Unemployment: A Help Or Hindrance?

Submitted By kris801
Words: 1021
Pages: 5

Unemployment: A help or hindrance? In 2007 the United States began to experience a decline in economic activity, a slowdown of business activity and a reduction of goods and services being sold or manufactured. At the time, the country looked economically strong. The national unemployment rate was at 5% and many Americans were not too concerned with unemployment and the existing policy; which nationally gave 6 months unemployment benefits to those who lost their jobs at no fault of their own. By June 2009 the unemployment rate was at 9.5% (BLS). At the height of job crisis, unemployment benefits could be extended up to 99 weeks. That is almost equivalent to two years. Since unemployment insurance was designed for short-term job loss, the country has watched arguments from both sides of the aisle to compromise on benefit extensions. Are these extensions vital in helping those in need or does it discourage people from seeking employment? Millions of Americans who were once prosperous found themselves in financial distress. To receive benefits, one must meet all requirements and proceed in verifying eligibility. In Utah unemployment benefits pay 60% of the average weekly earnings during your base year period up to $451 a week (Doyle). In essence these individuals are taking a 40% depreciation in income. According to a survey conducted by bankrate.com, 76% of all employed are living paycheck to paycheck with no emergency savings (Johnson). That is roughly 4 out of every five Americans. To say that most unemployed are living off of unemployment by choice would not be consistent with the data showing 4 out of 5 employed Americans are already living paycheck to paycheck. My husband was laid off last year. We have a mortgage and many bills to pay each month. Instead of $3500 to survive on each month we receive about $1800 each month on unemployment. It has taken a lot of adjusting and pulling out of savings to make ends meet. Are we living this way out of choice? No, but some may argue that a percentage of individuals on unemployment are okay with living on unemployment and therefore, may pass up job opportunities.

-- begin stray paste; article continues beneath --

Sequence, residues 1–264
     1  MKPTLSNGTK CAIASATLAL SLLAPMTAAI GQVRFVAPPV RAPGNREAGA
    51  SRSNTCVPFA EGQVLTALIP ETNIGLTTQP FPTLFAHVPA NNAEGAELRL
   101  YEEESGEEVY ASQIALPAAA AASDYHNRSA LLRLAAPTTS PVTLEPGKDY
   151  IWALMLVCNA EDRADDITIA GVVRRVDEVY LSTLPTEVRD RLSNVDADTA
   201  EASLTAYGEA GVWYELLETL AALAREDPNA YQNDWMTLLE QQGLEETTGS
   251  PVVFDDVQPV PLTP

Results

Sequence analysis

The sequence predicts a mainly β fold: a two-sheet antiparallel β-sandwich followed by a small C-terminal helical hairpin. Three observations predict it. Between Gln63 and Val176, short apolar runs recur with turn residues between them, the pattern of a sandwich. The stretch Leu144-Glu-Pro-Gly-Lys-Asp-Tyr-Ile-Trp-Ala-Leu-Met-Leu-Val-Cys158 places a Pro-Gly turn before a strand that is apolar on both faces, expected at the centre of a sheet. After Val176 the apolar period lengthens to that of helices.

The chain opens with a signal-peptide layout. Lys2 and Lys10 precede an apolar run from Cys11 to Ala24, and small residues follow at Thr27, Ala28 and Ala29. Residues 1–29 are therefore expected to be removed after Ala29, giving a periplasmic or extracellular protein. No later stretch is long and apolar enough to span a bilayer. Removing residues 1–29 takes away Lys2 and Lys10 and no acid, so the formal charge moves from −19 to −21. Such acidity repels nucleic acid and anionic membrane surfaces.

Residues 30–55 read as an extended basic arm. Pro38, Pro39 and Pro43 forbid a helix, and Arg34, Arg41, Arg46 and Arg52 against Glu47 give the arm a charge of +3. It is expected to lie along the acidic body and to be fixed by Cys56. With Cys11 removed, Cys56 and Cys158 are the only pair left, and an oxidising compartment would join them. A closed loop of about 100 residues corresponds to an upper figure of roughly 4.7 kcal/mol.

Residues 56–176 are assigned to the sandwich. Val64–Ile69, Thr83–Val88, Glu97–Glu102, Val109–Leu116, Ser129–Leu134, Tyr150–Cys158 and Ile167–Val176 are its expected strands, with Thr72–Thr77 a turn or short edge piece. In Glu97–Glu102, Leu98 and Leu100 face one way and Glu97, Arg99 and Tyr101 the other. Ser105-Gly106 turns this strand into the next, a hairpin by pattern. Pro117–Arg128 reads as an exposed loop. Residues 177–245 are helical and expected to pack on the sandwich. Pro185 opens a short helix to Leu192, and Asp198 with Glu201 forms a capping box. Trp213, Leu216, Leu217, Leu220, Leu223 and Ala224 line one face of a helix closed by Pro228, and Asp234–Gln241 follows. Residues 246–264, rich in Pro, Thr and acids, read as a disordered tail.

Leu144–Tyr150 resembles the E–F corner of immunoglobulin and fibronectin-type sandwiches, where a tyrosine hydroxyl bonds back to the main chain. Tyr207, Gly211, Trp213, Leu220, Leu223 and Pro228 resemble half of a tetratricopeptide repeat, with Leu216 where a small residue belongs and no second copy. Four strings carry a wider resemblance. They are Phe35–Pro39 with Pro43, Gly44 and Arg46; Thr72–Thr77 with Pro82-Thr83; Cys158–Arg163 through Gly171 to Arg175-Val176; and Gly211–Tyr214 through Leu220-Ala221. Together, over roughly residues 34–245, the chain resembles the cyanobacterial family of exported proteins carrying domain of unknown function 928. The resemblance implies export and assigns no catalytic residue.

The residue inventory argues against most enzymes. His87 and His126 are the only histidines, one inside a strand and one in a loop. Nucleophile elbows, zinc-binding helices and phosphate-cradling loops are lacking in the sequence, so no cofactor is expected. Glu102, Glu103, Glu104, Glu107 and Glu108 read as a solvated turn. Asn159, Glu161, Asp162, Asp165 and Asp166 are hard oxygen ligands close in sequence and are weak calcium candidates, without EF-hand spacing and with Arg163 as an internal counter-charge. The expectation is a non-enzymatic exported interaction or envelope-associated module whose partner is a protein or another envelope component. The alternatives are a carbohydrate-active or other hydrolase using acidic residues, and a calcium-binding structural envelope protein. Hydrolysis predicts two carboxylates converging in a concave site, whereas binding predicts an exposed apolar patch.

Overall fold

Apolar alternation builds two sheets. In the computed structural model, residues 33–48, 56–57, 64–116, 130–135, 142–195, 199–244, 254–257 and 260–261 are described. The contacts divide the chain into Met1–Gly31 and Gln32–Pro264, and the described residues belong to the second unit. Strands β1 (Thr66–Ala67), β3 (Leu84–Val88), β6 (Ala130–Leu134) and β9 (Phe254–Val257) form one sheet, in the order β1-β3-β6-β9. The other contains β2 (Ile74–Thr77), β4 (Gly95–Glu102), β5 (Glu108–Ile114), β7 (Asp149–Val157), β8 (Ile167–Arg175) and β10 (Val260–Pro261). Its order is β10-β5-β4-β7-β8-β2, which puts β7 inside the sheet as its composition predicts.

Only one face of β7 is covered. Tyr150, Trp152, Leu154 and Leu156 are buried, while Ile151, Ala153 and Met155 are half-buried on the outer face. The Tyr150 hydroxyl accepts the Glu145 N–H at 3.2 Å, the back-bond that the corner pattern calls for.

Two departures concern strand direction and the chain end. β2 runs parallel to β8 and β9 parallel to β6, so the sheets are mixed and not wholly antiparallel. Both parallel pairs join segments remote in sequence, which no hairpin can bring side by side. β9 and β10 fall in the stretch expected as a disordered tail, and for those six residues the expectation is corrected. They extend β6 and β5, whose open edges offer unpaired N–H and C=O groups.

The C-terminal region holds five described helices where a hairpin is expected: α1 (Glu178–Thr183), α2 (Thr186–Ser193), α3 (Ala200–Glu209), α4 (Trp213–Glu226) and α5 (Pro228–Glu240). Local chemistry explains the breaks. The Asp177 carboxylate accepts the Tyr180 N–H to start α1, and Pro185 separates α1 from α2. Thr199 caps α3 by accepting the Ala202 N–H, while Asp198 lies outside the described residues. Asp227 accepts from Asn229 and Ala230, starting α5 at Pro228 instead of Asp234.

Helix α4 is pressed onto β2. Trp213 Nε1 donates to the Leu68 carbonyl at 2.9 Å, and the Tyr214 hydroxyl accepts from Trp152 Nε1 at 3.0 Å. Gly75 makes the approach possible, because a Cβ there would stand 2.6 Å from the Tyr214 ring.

An article by Andrew Malcolm, “Job Growth Is Helped By End of Extended Unemployment,” suggests that by ending benefits it will force people to enter the workforce. In July, a statistic was released showing that long-term unemployment has dropped by 1.1 million (Malcolm). Critics attribute the drop to the increase in job availability, but mostly due to unemployment benefits running out in the beginning of the year. By ending unemployment extensions, it encourages people to seek out jobs and therefore, taking away the safety net.
If people choose to keep extending their benefits, the Country’s deficit will continue to increase. As a result, the National debt has surged past $17 trillion (Amadeo). Critics of extending unemployment point to these numbers when objecting to additional funding arguing that the reason debt has climbed is because not enough American are working and contributing to the economy. Therefore, in order to extend benefits, the budget must be cut to allow for this. For example, in 2012 North Carolina became the first state to decline extended long-term benefits. Since ending long-term benefits, there has been an upswing of job growth and the unemployment rate has decreased. In July of 2013, the monthly federal extension benefits ended, the state’s unemployment rate was at 8.1%. The rate dropped to 6.4% in less than a year (Gleason). Critics use this example to show that by ending long-term extensions it will result in job increases. Senator Hagan, an outspoken critic of North Carolina exiting the unemployment extension program, called it “cold hearted” (Gleason). There are some who say that morally the government’s duty and responsibility is to help its citizens during an economic recession, where millions find themselves without jobs. The purpose of unemployment is to